Throwback Thursday: Temptation Edition

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So, it’s summer. Not just any summer, but teacher summer. Single, childless, teacher summer. Hard to beat. I prance through the mall, singing to myself, “La, la, I’m not responsible for these children!” Not even kidding. When I’m not prancing, I’m either at the gym or at the piano, of course.

Problem(s).

Often, on nutritional regimens, people will say that during the week they are fine but on the weekend, there is a tendency to go buck wild. I’ve found that as long as I plan for the weekend in a way that I plan for the week, I’m good. But, uh – I kind of have a 70 day weekend. I’m not THAT good. Also, playing the piano as much as I am now hearkens back to my days of college and graduate school, where I relied on food to cope with all the negative emotions I had . Even when as I practice happily I think to myself, ooh, food reward! Damn.

Then, today, I had my piano lesson. The kind where I’m taking it instead of dishing it out. I can’t say that it was bad, as my perspective has changed, but it didn’t go how I would like. Quite frankly, I lost my appetite – for everything. No thought of any food excites me at the moment. Feel a tap on your shoulder? Is it Jesus? Yeah, that’s rare. However, I’m starting to realize that this food battle is here with me to stay, so I’m not too concerned about it as long as I don’t eat like I’m a depressed grad student any longer.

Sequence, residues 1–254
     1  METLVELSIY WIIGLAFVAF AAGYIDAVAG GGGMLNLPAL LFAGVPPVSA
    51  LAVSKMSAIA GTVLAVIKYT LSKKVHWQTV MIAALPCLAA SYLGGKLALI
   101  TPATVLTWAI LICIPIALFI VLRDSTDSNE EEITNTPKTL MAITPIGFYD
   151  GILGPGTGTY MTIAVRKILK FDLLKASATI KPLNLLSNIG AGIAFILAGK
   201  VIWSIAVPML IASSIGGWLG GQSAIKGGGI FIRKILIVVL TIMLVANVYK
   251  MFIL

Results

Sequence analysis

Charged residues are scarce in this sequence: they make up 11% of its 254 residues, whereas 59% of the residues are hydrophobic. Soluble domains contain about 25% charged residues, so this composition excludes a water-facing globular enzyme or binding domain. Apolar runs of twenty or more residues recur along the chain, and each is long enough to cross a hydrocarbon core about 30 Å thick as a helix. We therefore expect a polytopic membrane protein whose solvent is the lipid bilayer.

What’s more alarming is how tempted I am to give up despite a setback. I arrived home not wanting to eat, but also not wanting to practice. I feel discouraged because it didn’t go perfectly. The spark I’ve had recently is – not dead, but dimming, for sure. No one can reignite it except me. That’s a lot of freaking responsibility. Especially now, because, whereas in school I had the motivation to NOT FAIL, there is nothing outward that can scare me into getting it back.

Good news, though – I am listening to the inner voice that says it is worth getting it back to see how much I can accomplish. I am not like those annoying people who pretend they are never sad; like they are never let down. I don’t have the energy today to try again. But Lord willing, I will see another day, and I plan on trying again tomorrow – to play with joy, to eat with purpose, and to live in a way that glorifies God. How else would I show Him I’m appreciative of all He’s given me?

Ecclesiastes 11:9 (KJV)

Ecclesiastes 11:9 (KJV)